Most supergroups don't last long, and GTR was no exception to the rule. Steve Hackett and Steve Howe -- lead guitarists for the prime periods of Genesis and Yes, respectively -- formed the band in 1986, not with the intention of reviving classic prog rock, but with the idea of making a stadium-shaking hard rock band. It was two veterans with very clear musical identities of their own, teamed with a trio of supporting musicians eager for a big break. Not the ideal formula for a perfect rock album, since the scales were already tipped toward one side as the recording began. And, GTR's lone eponymous album didn't deliver the fireworks that Howe and Hackett fans desired. Part of the problem is that the two guitarists crowd each other out; it rarely sounds like they're trading licks, but rather like they're stepping forward for solos at their pre-scheduled times. Despite the largely cool reaction of Hackett and Howe's dedicated fan base, GTR wound up being a respectable hit in America, thanks to the terrific leadoff track, "When the Heart Rules the Mind." The one track where the group's go-for-broke arena rock formula paid off huge dividends, this is anthemic, professional stadium rock at its best, with a great hook on the chorus, a fine performance by Max Bacon, and some nice, tightly controlled soloing. There are other moments that work pretty well on the record but, on the whole, the record feels a bit like a missed opportunity. There are glimmers of what might have been -- what GTR could have done if they dropped their crossover ambitions -- but as it stands, GTR marks the point in time when both Howe and Hackett took one last stab at commercially oriented rock, before turning toward more ambitious solo projects.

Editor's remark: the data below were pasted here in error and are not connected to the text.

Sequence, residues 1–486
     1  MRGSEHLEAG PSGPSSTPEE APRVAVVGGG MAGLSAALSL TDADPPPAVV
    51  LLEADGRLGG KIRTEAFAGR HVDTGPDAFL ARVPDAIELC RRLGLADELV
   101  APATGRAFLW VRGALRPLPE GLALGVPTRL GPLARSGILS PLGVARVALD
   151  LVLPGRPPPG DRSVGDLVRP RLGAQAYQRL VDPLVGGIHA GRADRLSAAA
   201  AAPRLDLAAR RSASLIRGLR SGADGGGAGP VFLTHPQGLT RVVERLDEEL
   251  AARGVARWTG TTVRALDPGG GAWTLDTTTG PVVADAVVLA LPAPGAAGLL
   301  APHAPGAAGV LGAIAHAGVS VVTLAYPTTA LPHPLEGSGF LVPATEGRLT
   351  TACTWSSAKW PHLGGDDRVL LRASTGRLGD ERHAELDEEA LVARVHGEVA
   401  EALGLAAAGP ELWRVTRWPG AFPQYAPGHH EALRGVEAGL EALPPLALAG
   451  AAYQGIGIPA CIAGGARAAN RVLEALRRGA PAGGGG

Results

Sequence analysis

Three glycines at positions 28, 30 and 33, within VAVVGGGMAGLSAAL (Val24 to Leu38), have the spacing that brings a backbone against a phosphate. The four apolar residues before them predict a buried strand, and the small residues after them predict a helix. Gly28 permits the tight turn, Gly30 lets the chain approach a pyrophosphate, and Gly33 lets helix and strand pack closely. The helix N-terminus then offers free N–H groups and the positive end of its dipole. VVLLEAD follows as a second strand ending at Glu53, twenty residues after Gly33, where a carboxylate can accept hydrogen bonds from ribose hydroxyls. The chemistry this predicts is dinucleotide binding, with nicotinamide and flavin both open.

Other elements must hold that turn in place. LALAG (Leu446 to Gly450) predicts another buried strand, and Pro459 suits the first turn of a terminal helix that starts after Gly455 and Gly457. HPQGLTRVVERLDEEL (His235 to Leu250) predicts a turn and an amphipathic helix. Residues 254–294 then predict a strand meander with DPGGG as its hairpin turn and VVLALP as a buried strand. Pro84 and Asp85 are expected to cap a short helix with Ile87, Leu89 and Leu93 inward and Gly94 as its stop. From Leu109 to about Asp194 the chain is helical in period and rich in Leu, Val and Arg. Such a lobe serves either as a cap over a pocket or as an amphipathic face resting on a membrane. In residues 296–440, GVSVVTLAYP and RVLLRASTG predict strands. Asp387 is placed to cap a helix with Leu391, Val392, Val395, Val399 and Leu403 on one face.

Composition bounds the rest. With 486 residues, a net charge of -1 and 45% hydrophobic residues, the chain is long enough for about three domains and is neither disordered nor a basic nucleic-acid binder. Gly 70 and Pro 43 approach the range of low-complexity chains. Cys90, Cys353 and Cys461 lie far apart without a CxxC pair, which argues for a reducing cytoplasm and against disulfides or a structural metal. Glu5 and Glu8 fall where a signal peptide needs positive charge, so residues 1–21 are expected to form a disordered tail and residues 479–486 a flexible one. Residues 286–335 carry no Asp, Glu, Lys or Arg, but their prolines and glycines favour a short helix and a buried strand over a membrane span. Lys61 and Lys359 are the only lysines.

AllMusic Review by Stephen Thomas Erlewine